For best results, plant tulip bulbs, pointed ends up, about 6-8 weeks before the first hard frost in your area. Larger bulbs should be planted deeper (usually 8-10” deep) than smaller ones (usually 5-6” deep). Because tulips need a certain amount of cold weather to flower, they may not come back after the first year or two. If you live in a mild climate, ask your local county extension service agent if you should buy pre-chilled tulip bulbs, or chill them yourself, in your refrigerator, before you plant.
This small flowering cherry hails from the U.S. National Arboretum’s plant breeding efforts. It’s well suited to small yards, growing to 25 feet tall with a spread of 15 feet. Pale pink flowers open in early spring. Leaves appear after flowering, unfurling to dark green. Fall color is gold. This tree boasts a hearty disposition, tolerating insects and disease. Hardy in Zones 6-8.
Cheerful daffodils are classic spring flowers. For a natural look, toss them around your yard or landscape and plant them where they fall. Choose big, healthy bulbs and plant them 6" deep about 2 to 4 weeks before your ground freezes. They need sun to part sun and will come back year after year; they're hardy in USDA zones 3-8. 'Sunshine Boys,' pictured here, is a blend of early-blooming daffodils.
When choosing dwarf Alberta spruce for pots, consider miniature varieties, like Tiny Tower (Picea glauca conica ‘MonRon’). This little cutie reaches a maximum height of 4 to 6 feet tall and up to 2 feet wide. The slow growth rate means you can keep it tucked into containers for a few years. Tiny Tower has bright green leaves that shift to gray as they mature. It’s hardy in Zones 3 to 8. At Christmas, you’ll often see mini Christmas trees in pots. These are usually dwarf Alberta spruce and can be planted into the landscape after the holiday.
Candytuft often attracts butterflies with its spring blooms, which can last for weeks. Give your plants a spot in full sun, and avoid heavy soils that stay wet during the winter. The plants grow about 6-12" tall and will slowly spread to make a pretty groundcover (but don't walk on them). Use this evergreen as a border, in a rock garden or let it spill over a wall or from a windowbox. After the flowers die, give the plants, which are hardy in zones 5-9, a light shearing to keep them bushy. 'Lavish,' shown here, has beautiful, deep lavender flowers.
Brighten a part shade to full sun setting with colorful, deer-resistant Golden Rule St. John’s wort (Hypericum calycinum). Also known as hypericum, this plant has a form that falls between a small shrub to ground cover. As it establishes, it fills in a planting area with its gold leaves. Yellow flowers appear in summer, beckoning bees and butterflies. Fall color includes orange and gold shades. Plants grow 12 to 18 inches high by 12 to 24 inches wide. Hardy in Zones 6-8. Good to know: For best growth and color, prune plants in spring and again after flowering.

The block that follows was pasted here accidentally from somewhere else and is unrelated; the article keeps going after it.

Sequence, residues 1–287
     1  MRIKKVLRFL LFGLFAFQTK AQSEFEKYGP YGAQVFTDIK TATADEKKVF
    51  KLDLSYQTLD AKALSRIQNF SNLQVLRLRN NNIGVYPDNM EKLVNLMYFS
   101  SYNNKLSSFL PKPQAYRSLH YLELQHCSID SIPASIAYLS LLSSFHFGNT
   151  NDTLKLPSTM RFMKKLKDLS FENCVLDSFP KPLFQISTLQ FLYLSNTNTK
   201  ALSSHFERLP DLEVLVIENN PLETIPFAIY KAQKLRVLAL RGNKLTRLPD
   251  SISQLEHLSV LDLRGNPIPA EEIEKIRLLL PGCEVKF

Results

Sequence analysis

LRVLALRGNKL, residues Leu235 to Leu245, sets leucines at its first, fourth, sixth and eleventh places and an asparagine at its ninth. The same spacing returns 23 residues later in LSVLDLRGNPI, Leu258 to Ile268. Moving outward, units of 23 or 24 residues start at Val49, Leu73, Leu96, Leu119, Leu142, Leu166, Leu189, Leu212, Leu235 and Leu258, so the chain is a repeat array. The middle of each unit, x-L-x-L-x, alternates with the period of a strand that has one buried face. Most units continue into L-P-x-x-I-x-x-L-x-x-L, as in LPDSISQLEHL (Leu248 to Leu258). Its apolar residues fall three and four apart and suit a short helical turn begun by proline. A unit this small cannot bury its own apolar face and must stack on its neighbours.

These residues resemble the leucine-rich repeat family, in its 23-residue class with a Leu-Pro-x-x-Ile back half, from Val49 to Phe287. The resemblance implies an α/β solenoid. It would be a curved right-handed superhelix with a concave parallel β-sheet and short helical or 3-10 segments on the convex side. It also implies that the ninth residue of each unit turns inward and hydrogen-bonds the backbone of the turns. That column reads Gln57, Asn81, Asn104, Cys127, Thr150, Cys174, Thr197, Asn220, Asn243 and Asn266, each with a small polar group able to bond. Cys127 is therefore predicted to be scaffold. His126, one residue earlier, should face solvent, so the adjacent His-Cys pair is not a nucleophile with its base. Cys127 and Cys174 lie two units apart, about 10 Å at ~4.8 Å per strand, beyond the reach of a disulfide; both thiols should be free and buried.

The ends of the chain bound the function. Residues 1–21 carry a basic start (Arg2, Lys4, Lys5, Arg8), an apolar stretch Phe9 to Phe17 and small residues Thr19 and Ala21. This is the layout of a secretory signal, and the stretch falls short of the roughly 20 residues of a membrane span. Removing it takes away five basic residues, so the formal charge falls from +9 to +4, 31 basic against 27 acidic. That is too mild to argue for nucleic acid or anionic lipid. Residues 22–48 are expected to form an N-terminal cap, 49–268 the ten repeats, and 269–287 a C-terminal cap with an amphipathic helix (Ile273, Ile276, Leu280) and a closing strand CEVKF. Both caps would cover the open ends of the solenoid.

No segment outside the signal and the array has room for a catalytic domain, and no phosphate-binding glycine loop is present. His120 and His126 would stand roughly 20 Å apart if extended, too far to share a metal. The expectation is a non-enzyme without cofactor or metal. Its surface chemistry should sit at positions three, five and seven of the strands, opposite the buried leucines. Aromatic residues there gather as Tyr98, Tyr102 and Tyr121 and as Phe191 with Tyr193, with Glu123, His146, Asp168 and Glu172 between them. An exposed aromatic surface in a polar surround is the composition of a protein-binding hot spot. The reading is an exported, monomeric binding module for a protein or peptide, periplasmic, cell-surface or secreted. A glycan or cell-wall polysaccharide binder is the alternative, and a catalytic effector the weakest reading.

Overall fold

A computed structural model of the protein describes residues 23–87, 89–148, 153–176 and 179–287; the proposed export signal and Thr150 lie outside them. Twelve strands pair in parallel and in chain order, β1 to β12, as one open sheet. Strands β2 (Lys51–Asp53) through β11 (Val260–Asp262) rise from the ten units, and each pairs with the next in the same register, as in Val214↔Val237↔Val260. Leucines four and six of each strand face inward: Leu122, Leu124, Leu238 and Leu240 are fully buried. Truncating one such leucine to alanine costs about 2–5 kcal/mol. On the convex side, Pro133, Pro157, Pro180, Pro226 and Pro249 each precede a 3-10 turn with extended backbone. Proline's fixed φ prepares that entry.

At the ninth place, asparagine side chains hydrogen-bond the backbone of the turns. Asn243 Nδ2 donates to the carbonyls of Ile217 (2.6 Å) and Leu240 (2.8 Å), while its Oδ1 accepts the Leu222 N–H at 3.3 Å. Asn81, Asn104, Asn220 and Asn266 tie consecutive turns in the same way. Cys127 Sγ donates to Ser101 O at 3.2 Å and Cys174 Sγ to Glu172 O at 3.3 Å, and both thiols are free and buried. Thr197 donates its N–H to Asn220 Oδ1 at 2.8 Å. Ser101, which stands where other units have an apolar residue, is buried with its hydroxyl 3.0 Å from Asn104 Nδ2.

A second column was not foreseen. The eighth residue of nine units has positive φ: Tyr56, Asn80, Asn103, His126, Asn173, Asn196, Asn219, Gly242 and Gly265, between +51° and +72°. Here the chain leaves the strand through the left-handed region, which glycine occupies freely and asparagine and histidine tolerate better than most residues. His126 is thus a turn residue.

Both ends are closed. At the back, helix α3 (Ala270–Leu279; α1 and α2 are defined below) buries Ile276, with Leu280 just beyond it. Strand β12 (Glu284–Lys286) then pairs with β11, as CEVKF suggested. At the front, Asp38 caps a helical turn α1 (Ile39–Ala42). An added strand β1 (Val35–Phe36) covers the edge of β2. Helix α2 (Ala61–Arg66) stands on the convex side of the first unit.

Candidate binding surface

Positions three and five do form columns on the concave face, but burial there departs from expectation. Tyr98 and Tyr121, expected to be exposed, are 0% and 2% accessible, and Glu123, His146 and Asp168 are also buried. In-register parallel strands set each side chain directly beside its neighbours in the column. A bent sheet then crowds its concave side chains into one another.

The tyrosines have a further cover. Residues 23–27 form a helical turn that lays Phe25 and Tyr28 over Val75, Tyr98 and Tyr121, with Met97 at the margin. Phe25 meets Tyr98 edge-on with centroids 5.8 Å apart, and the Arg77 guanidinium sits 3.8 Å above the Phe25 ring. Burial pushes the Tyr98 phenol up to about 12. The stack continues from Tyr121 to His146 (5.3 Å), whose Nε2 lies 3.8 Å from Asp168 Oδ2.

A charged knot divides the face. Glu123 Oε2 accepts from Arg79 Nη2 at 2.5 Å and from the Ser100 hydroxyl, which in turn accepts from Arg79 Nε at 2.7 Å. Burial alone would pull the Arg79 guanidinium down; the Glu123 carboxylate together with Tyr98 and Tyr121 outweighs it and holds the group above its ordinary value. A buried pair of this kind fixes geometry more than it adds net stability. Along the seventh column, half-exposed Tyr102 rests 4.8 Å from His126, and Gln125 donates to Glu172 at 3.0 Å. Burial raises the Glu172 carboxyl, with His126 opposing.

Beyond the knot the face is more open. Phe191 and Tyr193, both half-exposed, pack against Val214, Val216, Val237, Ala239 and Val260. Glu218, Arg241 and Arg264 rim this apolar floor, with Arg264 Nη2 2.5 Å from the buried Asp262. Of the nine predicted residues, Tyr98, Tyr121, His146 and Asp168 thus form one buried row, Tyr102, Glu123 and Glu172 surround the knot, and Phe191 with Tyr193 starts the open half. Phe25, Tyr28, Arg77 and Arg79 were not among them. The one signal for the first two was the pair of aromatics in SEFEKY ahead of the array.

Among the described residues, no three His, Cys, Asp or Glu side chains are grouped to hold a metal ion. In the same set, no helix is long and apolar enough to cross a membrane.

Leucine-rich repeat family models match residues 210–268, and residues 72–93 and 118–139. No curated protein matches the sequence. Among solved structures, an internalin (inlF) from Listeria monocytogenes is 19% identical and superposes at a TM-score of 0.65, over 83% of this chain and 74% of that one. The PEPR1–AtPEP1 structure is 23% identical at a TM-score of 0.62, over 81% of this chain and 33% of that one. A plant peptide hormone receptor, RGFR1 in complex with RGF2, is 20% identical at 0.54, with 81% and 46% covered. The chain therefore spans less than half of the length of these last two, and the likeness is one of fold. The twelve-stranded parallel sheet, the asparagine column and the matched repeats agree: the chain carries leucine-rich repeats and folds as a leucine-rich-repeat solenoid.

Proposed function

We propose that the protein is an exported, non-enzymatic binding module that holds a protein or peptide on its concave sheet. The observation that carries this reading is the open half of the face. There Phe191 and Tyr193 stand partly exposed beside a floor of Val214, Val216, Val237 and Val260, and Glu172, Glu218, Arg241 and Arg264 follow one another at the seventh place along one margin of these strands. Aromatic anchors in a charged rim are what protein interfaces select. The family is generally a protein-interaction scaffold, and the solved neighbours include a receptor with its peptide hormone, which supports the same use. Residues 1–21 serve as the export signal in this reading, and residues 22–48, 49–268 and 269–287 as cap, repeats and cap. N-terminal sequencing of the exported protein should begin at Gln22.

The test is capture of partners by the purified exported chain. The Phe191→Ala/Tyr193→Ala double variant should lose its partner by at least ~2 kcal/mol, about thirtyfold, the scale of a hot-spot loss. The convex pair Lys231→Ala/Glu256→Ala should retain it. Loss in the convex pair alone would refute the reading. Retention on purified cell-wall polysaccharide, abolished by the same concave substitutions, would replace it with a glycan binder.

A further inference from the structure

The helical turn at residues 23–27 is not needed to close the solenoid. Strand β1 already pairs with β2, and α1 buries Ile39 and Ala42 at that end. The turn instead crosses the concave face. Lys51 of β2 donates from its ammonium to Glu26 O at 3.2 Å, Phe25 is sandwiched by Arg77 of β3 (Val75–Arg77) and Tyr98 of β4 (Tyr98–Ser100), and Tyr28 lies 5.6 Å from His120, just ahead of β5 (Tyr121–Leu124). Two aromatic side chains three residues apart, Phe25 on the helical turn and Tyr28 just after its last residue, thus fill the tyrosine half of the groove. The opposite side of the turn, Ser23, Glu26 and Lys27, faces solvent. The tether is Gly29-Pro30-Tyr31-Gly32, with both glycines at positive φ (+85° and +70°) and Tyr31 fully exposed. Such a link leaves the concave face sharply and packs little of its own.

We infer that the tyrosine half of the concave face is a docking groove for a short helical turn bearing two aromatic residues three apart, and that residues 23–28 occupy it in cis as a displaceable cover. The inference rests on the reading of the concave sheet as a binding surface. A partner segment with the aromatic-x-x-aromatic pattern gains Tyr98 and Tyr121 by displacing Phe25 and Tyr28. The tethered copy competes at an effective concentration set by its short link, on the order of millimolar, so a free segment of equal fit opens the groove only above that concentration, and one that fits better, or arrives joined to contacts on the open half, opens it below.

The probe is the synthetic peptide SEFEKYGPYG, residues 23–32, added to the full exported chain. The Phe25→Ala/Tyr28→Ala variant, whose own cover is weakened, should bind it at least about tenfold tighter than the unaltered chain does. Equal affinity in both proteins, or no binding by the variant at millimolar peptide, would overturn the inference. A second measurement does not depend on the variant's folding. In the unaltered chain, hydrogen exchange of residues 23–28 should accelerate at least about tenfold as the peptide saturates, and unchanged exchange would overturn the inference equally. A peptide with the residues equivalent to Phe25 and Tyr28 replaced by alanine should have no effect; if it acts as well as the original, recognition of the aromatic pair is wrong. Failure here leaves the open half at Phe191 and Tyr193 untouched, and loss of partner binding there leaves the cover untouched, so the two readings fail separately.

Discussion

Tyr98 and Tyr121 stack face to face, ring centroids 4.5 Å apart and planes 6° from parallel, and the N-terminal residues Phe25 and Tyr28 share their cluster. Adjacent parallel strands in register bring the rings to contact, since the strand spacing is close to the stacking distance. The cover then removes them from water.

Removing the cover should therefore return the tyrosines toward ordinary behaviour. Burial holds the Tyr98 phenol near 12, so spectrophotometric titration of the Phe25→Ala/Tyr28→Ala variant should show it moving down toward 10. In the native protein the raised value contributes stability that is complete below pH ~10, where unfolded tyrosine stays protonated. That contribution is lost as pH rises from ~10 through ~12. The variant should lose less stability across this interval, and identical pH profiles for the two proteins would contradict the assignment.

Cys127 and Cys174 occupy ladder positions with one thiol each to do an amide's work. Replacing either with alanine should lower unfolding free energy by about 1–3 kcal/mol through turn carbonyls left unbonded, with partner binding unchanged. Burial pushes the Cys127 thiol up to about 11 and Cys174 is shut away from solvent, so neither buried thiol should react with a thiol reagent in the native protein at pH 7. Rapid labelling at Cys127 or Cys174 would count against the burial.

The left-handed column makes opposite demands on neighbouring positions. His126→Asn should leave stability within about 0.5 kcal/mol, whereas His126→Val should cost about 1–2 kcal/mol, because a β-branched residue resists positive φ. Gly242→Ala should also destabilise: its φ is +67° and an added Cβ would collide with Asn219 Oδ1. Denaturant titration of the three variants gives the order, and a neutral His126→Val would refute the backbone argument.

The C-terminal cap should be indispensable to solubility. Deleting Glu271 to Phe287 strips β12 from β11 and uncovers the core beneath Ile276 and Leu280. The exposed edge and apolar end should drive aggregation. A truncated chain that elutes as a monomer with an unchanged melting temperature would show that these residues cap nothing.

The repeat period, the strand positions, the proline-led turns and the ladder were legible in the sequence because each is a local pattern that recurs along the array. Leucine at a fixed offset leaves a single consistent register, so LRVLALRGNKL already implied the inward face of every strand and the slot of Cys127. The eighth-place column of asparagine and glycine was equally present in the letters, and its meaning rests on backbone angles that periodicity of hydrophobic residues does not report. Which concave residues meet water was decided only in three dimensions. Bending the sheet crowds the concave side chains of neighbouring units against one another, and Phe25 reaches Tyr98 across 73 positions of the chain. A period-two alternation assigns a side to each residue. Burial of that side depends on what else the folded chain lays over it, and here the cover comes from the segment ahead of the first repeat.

Moonflower vine is the after-dark cousin to morning glory. This annual vine opens stunning 6-inch-wide white blooms—loaded with fragrance—starting at dusk. On a warm summer’s evening, it’s pure joy to sit on a patio and watch the moonflowers twirl open. Plant moonflower on a trellis with morning glory for a spectacular sunrise to sunset show. Like morning glories, each moonflower blossom lasts a single day (night). This annual vine grows to 20 feet, twining its way around supports. Soak seeds overnight or nick them prior to planting. Why we love it: The sweet fragrance is tough to beat, and the moths that pollinate the flowers are a delight to watch.
Morning glory is the flower of early risers, who get to enjoy these gorgeous blooms at their freshest. ‘Celestial Mix’ features vines that unfurl a trio of stunning flower colors: midnight blue, snow white, and lavender-blue. Each flower features a contrasting star in the center of the bloom. Morning glory climbs by twining. Simply plant it beside a trellis or support, and the vine will do the rest. Nick or soak seeds overnight to aid germination. This annual vine grows 6 to 7 feet tall. Cut down vines after frost and compost or destroy. Doing this helps to minimize potential disease issues. Why we love it: Flowers unfurl like magic each morning, and if you’re patient, you can witness the event.
Hops offers a nice ornamental form that works well in the garden on a pergola or strong, well-anchored arch. The flower, known as a cone, forms in late summer. This is the part you harvest to make beer. ‘Cascade’ hops (Humulus lupulus ‘Cascade’) is a disease-resistant vine that ripens cones used to make American pale ales. Pick cones in late summer, dry them in a warm, dark place, and freeze in airtight bags until you’re ready to brew your own craft ale. Undemanding hops vines are easy to grow. After vines die to the ground with frost, prune to ground level and wait for new growth to appear in spring. Vines can grow to 25 feet high in one season and up to 6 feet wide. Hardy in Zones 4-8.